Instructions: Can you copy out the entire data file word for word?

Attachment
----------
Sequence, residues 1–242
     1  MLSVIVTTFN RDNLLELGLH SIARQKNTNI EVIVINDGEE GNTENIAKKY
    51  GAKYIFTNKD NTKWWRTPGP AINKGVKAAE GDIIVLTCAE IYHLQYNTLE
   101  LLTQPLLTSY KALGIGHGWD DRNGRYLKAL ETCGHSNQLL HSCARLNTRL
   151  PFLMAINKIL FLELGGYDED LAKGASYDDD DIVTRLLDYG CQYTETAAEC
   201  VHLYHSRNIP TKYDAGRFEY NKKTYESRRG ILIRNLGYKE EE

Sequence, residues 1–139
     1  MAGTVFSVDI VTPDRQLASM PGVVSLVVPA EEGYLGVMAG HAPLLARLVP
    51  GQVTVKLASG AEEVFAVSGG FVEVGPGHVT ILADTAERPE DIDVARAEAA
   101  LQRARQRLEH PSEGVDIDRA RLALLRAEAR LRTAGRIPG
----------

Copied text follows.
Sequence, residues 1–242
     1  MLSVIVTTFN RDNLLELGLH SIARQKNTNI EVIVINDGEE GNTENIAKKY
    51  GAKYIFTNKD NTKWWRTPGP AINKGVKAAE GDIIVLTCAE IYHLQYNTLE
   101  LLTQPLLTSY KALGIGHGWD DRNGRYLKAL ETCGHSNQLL HSCARLNTRL
   151  PFLMAINKIL FLELGGYDED LAKGASYDDD DIVTRLLDYG CQYTETAAEC
   201  VHLYHSRNIP TKYDAGRFEY NKKTYESRRG ILIRNLGYKE EE

Sequence, residues 1–139
     1  MAGTVFSVDI VTPDRQLASM PGVVSLVVPA EEGYLGVMAG HAPLLARLVP
    51  GQVTVKLASG AEEVFAVSGG FVEVGPGHVT ILADTAERPE DIDVARAEAA
   101  LQRARQRLEH PSEGVDIDRA RLALLRAEAR LRTAGRIPG